Space Combat Archive


Game Review: Rebel Galaxy

During the summer I had a chance to play with a preview build of Rebel Galaxy. Amid those halcyon days, I was coming off months of playing nothing but Elite Dangerous. Because of that, the slow moving, naval-inspired starship combat Rebel Galaxy stood out as an absolute delight. In its final form, Double Damage Games has only improved on their initial offering. They’ve produced a space-combat game with the sensibilities and scope of Wing Commander: Privateer and the tone of Firefly.

It’s hard to miss the gaming pedigree encoded in the very DNA of Rebel Galaxy. Travis Baldree and Erich Schaefer, the power behind Double Damage Games, previously founded Runic Games, which gave us the likes of Torchlight and Torchlight 2. Before Torchlight, Schaefer was lead designer on Diablo and Diablo 2. While Rebel Galaxy doesn’t boast the same hack/slash/loot aesthetic as Torchlight and Diablo, it does convey the same freedom to explore.

Rebel Galaxy’s story is reasonably typical of the open-world space combat genre. Players inherit a piece-of-crap ship from a mysterious relative – in this case, their Aunt Juno. The quest to find Juno leads to encounters with AIs, pirates, and the slightly less-than-upstanding forces of law and order. Without giving too much of the story away, I found it struck the exact right tone for this sort of experience. It captures the best feeling of old-school space opera, banking on a player’s willingness to suspend disbelief in the areas of extraterrestrial carbon-based life forms, FTL engines, and space battles that play out at extreme close range. Sufficed to say, the emphasis is most certainly on the fiction side of science fiction, but that’s just fine with this critic.

Though a person can engage with all the usual suspects of an open-world space game (e.g. mining, trading, cargo hauling) the real fun is found in the combat. Corvettes, frigates, destroyers, and other capital ships lay into each other with massive fusillades of energy weapons. Smaller turrets tend to blast away at the myriad of fighters and small attack craft that populate a battle. The combat is at once filled with urgency, but also slow and methodical. Killing another starship is as much about positioning and timing as it is disgorging hot tachyons at the enemy.

In terms of making money, trade and/or combat are the way to go, at least within my experience. Fetch quest cargo missions are okay, but who wants to be peaceful when they are flying a ship with fourteen broadside plasma cannons? It’s also fairly easy to build up to more impressive starships and better arsenals. Granted, a player will find it hard to go from one story mission to the next without ever stopping to do some work on the side. However, taking the time to hunt bounty or run freight is rarely so arduous as to feel like a grind.

On the subject of trading, I’ll give Double Damage kudos for having more in-game trade data available than what appears in Elite Dangerous. I’m always astonished at games that expect me to believe my computer can plot an FTL-jump but not remember how much I paid for 10 tons of self-sealing stembolts at the previous space station. Though the game could benefit from a bit more trade data, I don’t think anybody will need to have Excel running in the background to ensure they stay profitable.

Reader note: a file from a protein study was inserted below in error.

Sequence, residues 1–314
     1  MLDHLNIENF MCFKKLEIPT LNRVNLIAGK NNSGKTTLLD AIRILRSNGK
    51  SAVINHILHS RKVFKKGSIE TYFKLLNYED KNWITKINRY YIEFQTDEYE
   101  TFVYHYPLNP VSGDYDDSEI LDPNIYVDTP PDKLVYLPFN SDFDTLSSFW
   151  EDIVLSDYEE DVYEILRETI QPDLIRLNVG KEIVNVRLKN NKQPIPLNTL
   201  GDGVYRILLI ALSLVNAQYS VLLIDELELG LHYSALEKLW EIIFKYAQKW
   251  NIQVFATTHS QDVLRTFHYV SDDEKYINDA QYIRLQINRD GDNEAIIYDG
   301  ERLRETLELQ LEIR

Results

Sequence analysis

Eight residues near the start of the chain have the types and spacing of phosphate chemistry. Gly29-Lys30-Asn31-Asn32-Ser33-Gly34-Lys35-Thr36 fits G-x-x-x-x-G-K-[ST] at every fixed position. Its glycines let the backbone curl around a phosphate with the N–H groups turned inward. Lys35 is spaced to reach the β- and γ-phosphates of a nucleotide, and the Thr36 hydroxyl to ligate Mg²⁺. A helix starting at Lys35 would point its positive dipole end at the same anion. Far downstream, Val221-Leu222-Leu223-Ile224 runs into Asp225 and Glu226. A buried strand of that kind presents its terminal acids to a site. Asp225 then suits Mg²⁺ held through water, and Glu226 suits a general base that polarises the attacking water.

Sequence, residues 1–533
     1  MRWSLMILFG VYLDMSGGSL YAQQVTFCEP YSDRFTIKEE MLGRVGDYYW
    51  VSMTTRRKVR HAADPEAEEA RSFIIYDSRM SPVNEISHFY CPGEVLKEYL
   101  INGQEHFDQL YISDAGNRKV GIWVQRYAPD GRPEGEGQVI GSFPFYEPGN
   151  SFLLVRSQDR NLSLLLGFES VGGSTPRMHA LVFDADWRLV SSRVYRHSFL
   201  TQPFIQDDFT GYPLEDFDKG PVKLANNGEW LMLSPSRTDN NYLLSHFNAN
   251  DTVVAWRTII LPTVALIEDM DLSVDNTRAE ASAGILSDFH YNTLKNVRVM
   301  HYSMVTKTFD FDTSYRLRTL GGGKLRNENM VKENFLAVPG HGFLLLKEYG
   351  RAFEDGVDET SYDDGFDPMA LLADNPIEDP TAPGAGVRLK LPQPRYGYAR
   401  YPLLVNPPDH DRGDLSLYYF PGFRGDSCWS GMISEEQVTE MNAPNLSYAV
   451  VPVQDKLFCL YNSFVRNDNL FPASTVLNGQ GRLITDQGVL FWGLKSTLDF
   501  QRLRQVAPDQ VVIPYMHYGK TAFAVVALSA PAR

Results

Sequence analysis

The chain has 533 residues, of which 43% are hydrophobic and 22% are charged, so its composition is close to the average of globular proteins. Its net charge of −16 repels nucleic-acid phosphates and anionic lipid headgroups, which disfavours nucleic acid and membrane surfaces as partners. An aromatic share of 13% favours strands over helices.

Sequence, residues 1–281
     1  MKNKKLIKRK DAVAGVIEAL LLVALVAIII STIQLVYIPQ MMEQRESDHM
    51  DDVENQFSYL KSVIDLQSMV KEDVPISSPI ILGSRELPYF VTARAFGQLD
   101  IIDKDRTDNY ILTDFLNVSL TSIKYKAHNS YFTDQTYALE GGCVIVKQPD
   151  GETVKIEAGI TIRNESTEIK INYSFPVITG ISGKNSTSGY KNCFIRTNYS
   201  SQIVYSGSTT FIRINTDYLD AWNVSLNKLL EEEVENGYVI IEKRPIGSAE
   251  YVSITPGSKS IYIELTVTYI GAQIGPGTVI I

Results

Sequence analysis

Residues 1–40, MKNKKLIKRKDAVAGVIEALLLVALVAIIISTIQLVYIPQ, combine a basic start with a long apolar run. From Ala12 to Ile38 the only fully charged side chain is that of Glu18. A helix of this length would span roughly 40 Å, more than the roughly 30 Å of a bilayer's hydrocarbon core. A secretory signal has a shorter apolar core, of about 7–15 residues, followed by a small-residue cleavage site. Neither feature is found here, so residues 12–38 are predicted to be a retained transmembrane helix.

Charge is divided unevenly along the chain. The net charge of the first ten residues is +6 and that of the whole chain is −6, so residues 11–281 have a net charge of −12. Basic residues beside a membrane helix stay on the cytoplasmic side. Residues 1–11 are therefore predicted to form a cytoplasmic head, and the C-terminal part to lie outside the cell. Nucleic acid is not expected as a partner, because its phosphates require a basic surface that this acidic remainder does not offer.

The only real mark against the game was the odd bit of janky AI. This was particularly apparent on escort missions. Note my use of the past tense. However, Double Damage has proven to be incredibly responsive to feedback, releasing patches very quickly after issues are identified. Playing the game now is pretty much a seamless experience. No frame rate drops. No glitches. No crashes.

While Rebel Galaxy doesn’t reinvent the wheel in terms of the open-world space combat game, its strength is in its ability to skillfully borrow and fuse the things that do work from within the sub-genre. There’s a little bit of Privateer, mixed with a dash of Starfleet Command, with just a splash of Freelancer for good measure. Everything the game does, it does very well. For someone looking for a space game that will let them jump in and feel like Han Solo without twenty hours of prep work, Rebel Galaxy is a sound investment.

Note: I reviewed the PC version of this game using a mouse and keyboard.


My Preview of Rebel Galaxy

Over the weekend I had a chance to play with a preview build of Rebel Galaxy, Double Damage Games’ upcoming space combat/sandbox homage to the glory days of space opera. Though the preview wasn’t quite what I anticipated from the press release, it still feels like a potentially splendid entry into the world of free form space adventuring and starship combat.

Reading about Rebel Galaxy’s roots in naval combat games instantly put me in the mindset of Taldren’s old Starfleet Command series of tactical space shooters. As well, the notion of flying about the galaxy and charting my own path to glory, or infamy, elicited fond memories of Wing Commander: Privateer and, to a lesser extent, Freelancer. Rebel Galaxy exists soundly at the intersection of both game styles.